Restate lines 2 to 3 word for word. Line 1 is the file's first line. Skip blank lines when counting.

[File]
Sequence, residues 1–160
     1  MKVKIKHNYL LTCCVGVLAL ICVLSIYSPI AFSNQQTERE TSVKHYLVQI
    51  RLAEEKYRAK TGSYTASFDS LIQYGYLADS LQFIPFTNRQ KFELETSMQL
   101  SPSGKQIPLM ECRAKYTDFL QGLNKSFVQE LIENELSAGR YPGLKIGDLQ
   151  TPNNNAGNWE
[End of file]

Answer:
     1  MKVKIKHNYL LTCCVGVLAL ICVLSIYSPI AFSNQQTERE TSVKHYLVQI
    51  RLAEEKYRAK TGSYTASFDS LIQYGYLADS LQFIPFTNRQ KFELETSMQL